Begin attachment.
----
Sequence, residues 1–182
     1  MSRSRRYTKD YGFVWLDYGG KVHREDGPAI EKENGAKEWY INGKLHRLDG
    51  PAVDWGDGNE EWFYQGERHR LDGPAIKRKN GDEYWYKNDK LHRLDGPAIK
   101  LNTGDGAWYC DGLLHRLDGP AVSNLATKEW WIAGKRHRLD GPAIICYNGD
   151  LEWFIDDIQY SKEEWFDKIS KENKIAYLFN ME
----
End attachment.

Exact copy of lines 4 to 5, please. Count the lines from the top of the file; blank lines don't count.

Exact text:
   101  LNTGDGAWYC DGLLHRLDGP AVSNLATKEW WIAGKRHRLD GPAIICYNGD
   151  LEWFIDDIQY SKEEWFDKIS KENKIAYLFN ME